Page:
Blog article: Exploring Cleared Building Permits

Exploring Cleared Building Permits

Article text

The City of Toronto publishes data on building permits going as far back as 2000. Excited about this, we at the Open Data Team asked ourselves: how might we learn from the Cleared Building Permits? Could we use it for improving our understanding of Toronto and how we deliver services to the community? In this data story, we walk through our process and share the materials created, from data preparation to visualization, for you to use as a starting point in your own analysis or to follow along. We are always seeking to improve data stories – please share your thoughts on how to make them better. Feedback is welcomed via email (, or Twitter (@Open_TO). [toc]

Background: About the Data

A building permit is formal permission from the city to begin construction, demolition, addition, or renovation on your property. Permits move through five stages:
  1. Application: drawings, documents, and forms depending on the type of permit submitted
  2. Review: City Building staff review plans to ensure compliance, applicants may have to revise plan until compliant
  3. Issue: Plans are approved and construction can begin
  4. Inspection: Toronto Buildings staff inspect the project to ensure adherence with permit submitted, construction is deemed compliant after inspections are completed and passed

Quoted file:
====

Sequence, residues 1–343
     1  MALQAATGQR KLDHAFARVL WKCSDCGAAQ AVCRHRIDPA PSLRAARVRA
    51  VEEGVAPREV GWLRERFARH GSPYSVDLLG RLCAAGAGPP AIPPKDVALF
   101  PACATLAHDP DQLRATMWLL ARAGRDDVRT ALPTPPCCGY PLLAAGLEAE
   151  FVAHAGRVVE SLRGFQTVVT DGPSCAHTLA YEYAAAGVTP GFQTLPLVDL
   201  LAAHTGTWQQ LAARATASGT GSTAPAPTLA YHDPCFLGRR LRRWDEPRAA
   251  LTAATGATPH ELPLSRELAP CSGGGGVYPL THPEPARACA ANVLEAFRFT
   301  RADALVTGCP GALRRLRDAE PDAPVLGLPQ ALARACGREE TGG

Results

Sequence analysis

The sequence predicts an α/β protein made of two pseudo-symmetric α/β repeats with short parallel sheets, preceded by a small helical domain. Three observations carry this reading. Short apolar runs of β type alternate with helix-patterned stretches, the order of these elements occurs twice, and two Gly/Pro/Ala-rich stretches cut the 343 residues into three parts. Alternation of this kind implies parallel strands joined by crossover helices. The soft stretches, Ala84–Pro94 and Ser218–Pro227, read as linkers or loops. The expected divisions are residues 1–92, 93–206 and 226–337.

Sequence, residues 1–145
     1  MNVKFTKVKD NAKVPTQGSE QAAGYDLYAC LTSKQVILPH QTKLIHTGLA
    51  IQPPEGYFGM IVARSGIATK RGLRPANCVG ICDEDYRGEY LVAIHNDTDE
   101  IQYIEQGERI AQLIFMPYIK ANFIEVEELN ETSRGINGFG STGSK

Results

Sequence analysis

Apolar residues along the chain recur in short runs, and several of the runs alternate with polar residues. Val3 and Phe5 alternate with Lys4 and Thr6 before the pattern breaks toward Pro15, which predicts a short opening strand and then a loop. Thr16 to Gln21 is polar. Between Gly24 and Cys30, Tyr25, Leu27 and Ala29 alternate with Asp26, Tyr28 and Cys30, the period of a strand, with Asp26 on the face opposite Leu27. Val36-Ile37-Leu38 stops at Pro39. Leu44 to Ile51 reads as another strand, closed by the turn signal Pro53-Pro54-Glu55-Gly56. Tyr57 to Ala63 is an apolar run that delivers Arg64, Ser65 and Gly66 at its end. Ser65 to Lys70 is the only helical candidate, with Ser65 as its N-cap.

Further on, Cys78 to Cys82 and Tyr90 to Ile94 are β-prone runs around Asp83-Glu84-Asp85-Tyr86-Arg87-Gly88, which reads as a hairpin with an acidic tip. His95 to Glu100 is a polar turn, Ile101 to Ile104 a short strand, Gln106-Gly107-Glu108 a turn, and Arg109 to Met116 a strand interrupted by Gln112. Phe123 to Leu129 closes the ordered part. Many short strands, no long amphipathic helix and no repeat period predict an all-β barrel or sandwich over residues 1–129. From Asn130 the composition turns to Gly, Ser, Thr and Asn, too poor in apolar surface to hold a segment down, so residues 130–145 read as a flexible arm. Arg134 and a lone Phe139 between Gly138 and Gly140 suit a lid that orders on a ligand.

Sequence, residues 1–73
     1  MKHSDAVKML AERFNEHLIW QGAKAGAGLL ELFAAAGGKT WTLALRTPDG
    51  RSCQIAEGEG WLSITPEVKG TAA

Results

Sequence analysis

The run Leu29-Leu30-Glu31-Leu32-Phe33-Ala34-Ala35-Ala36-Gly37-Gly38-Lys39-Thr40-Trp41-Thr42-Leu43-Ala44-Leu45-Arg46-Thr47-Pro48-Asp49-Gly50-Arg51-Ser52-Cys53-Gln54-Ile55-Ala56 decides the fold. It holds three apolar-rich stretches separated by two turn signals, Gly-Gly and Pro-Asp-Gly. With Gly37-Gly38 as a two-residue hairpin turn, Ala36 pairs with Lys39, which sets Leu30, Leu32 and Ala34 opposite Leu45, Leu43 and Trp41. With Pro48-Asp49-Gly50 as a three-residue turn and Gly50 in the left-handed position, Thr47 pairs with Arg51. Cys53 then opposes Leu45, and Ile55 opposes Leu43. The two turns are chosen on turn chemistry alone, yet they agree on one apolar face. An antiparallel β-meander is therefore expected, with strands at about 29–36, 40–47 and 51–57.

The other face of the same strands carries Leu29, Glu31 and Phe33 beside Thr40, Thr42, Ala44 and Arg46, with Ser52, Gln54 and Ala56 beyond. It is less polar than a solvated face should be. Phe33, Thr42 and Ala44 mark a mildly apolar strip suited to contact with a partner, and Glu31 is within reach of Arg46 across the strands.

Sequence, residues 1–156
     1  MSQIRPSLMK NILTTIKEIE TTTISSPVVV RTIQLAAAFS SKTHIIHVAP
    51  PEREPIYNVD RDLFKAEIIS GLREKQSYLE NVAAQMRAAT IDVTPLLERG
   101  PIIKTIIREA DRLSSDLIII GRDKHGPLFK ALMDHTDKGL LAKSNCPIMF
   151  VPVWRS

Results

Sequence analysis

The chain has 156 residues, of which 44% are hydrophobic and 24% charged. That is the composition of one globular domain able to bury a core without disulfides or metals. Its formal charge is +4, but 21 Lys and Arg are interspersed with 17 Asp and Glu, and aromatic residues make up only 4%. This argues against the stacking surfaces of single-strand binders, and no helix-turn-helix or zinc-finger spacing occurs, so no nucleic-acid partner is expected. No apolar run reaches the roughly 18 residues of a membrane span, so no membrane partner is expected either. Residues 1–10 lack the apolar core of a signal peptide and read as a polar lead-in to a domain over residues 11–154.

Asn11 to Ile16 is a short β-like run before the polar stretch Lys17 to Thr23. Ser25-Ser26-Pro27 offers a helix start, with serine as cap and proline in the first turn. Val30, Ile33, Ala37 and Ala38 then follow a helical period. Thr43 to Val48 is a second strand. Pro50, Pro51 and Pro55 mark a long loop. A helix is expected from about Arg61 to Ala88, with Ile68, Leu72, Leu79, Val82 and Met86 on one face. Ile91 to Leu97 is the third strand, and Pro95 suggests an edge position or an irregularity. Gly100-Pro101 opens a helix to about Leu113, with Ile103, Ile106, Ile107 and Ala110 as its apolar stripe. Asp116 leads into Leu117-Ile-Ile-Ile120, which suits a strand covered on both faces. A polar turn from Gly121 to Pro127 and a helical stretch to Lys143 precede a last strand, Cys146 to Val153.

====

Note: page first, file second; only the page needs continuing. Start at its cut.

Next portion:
5. Close: Applicant contacts the city, inspection results are confirmed, and permit is considered completed
Permits are considered Active until closed. Both Active and Closed permits are available in the open data catalogue, under separate datasets, however the scope of this story is limited to Closed permits – permits going through the process will not be present. Finally, note that in the portal “Closed Permits” are referred to as “Cleared Permits”. This will be standardized in the future.
Steps Taken for Research, starting with defining the research question, preparing data for analysis, visualizing the data for exploration, analyzing the data for patterns and outliers, and finally engaging with data owners

Step 1: Define Research Questions

“If you don’t know where you are going you might not get there.” – Yogi Berra Data analysis projects must begin by defining, at least, one question you hope to answer with the data. Although normal to revise these research questions throughout the process, they primarily serve as a launch pad from which to begin; indeed, it is simple to get caught in an endless cycle of analysis without synthesizing it into a practical application. Given their open-ended nature, formulating these questions can be quite difficult. We followed a two-pronged approach consisting of personal interests and the data itself. First, initial ideas were derived from the team’s personal interests in Toronto housing-related trends. For instance, questions revolved around types of permits issued, availability of housing over time or place, and how trends compare to the cost of real estate. Then, we familiarized ourselves with the data to refine our questions and come up with completely new ones. In-depth understanding of the data was not needed at this stage so, instead, we used the column descriptions available in the portal. This is known as the metadata. A better understanding of the metadata helped us determine if the initial questions could be answered by the data and, also, come up with new ideas – below are some example questions derived from the metadata.
Data Columns Research Question Ideas Comments or Observations
Permit Num Revision Num How has the number of permits closed varied over time? How long do revisions take? Permit Num is a unique identifier for internal use. To find an issued permit you will need the complete permit number, which is composed of Permit Num and Revision Num